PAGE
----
There are several risk-assessment tests under development that utilize DNA samples (usually obtained from saliva) to assess for specific single nucleotide polymorphisms (SNPs) – variations in DNA that are known or suspected to be associated with elevated risk. The SNP analysis is combined with the Tyrer-Cusik assessment to provide a 5-year likelihood of developing breast cancer. Unlike computer models alone, these tests can provide a more personalized risk assessment. Insurance coverage for these tests is variable, and they are not yet widely available. Patients who are considered to be “high risk” based on the model or SNP testing are candidates for more intensive surveillance, often receiving a recommendation for both mammogram and MRI exams.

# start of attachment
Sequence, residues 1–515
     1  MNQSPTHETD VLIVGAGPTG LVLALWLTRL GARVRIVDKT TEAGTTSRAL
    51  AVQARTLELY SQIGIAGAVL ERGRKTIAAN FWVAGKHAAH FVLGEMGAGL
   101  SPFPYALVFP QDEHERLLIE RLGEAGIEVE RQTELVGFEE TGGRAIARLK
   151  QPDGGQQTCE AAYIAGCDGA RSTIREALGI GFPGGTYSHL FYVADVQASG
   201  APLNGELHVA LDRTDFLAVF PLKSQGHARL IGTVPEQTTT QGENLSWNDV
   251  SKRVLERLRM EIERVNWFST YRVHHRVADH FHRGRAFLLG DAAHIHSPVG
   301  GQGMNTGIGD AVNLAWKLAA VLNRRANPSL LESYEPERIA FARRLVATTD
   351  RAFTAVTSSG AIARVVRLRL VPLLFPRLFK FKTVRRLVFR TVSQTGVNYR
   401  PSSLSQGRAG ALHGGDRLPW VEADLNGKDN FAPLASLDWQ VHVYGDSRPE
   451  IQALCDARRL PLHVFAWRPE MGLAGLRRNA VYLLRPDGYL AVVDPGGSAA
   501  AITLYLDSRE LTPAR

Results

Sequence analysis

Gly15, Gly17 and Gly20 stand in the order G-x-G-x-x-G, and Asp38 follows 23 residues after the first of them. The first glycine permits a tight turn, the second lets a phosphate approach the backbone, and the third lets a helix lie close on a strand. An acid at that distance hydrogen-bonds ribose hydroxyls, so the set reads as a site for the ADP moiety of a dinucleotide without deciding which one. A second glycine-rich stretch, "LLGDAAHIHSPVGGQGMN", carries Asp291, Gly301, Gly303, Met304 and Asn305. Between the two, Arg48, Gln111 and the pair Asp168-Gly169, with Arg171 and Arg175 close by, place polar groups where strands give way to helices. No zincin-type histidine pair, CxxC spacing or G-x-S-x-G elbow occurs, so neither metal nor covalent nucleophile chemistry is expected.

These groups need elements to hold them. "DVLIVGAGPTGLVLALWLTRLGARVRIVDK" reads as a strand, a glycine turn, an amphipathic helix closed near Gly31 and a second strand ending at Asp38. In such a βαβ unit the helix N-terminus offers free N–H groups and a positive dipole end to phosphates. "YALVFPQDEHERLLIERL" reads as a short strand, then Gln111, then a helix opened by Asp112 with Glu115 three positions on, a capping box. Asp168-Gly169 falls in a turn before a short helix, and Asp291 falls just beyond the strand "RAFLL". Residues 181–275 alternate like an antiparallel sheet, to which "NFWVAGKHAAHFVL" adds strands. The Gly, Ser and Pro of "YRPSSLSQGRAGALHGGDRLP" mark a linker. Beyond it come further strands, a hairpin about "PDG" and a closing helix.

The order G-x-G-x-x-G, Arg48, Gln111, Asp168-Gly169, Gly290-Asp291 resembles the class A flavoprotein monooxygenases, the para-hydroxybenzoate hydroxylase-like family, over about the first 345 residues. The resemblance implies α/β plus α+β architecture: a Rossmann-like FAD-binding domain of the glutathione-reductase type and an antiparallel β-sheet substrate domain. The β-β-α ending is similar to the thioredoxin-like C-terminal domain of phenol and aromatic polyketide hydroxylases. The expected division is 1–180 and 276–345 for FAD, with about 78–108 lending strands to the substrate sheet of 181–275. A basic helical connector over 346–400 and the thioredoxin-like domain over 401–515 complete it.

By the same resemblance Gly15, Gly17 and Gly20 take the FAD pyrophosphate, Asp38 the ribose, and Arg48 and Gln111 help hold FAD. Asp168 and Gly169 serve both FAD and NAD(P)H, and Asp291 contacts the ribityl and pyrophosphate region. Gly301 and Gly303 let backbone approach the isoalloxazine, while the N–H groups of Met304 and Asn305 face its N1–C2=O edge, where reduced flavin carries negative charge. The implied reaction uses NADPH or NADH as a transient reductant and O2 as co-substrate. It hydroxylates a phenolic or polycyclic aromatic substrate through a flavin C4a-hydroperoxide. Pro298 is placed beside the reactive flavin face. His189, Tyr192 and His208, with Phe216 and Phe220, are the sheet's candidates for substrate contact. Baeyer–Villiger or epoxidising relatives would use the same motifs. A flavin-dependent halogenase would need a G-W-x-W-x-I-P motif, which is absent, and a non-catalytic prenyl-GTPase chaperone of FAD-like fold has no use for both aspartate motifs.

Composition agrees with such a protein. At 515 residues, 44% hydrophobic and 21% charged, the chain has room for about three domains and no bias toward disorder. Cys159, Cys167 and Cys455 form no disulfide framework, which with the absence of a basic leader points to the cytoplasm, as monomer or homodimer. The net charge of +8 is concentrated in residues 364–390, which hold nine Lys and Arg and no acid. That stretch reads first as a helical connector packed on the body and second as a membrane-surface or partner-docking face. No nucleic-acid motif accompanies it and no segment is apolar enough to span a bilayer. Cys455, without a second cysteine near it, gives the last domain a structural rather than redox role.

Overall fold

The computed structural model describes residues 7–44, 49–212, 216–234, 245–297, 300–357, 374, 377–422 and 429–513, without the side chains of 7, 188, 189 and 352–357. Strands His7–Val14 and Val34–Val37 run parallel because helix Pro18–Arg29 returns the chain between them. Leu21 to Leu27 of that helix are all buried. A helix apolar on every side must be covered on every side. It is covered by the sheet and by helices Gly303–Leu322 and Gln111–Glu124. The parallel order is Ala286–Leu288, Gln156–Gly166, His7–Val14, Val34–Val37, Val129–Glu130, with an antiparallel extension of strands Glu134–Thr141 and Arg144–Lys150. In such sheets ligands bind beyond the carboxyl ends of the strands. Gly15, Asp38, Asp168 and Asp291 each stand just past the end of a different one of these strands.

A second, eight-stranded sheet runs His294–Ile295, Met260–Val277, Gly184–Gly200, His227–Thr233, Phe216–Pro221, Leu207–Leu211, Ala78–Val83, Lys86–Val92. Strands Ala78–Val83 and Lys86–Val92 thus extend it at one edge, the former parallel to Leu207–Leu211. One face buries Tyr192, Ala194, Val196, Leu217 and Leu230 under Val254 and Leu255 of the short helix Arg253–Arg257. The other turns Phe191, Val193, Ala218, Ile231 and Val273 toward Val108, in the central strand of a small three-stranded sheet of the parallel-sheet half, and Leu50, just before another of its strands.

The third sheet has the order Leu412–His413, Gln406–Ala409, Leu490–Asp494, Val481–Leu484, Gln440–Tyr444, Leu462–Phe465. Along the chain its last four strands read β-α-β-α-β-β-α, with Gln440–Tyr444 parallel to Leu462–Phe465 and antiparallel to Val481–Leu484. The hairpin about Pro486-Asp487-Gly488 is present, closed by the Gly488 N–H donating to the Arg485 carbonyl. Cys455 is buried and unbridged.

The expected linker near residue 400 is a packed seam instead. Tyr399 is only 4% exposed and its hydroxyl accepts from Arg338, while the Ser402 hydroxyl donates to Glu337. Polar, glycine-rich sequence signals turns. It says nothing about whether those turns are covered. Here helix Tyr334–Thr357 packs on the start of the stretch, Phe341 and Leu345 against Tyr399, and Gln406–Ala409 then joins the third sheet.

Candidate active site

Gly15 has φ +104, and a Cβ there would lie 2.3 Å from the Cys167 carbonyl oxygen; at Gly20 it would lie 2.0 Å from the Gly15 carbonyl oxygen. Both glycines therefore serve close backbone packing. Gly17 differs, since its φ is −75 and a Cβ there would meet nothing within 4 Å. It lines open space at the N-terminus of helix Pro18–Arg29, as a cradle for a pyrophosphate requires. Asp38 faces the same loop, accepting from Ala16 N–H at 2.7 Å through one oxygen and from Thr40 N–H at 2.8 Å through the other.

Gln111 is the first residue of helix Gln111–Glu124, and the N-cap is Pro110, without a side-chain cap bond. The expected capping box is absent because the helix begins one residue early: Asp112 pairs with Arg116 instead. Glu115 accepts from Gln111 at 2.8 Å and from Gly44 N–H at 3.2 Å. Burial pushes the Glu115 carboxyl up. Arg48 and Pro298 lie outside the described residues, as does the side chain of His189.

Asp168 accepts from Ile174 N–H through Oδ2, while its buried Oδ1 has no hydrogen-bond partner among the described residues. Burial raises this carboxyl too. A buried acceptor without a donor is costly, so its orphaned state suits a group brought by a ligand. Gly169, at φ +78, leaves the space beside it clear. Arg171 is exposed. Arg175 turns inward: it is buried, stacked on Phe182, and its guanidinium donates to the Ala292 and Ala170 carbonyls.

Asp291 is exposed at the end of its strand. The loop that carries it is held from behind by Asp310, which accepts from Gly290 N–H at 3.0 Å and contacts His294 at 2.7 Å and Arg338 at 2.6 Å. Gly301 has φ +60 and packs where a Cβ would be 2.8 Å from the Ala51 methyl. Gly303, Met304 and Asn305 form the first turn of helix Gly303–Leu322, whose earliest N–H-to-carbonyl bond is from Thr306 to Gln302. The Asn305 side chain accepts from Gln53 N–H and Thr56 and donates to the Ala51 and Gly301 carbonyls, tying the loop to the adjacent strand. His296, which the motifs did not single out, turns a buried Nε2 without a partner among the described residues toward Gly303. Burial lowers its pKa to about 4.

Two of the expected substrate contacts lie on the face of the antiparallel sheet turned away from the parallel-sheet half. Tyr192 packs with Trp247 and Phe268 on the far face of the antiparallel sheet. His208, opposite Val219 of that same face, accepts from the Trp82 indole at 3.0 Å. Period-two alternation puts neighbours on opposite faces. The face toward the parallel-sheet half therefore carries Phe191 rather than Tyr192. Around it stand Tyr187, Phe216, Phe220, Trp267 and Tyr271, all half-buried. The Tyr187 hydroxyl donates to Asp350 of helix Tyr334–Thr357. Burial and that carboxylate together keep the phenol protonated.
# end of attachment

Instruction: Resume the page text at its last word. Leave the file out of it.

Depending on family history of breast, ovarian and other cancers, formal genetic testing may be recommended. The most common breast cancer-associated gene mutations occur in the BRCA 1 and 2 genes, but there are many other genetic mutations that have been identified which may result in an increased risk of breast and other cancers, such as PALB2, ATM, CHEK2, and others, and testing for these mutations may also be appropriate depending on your family history. Any family history of ovarian or male breast cancer is an indication for genetic testing, and all men newly diagnosed with breast cancer should undergo testing. FORCE is a national advocacy organization providing support and education for patients with genetic mutations that put them at high risk for breast and ovarian cancer.
Updated 15 June 2019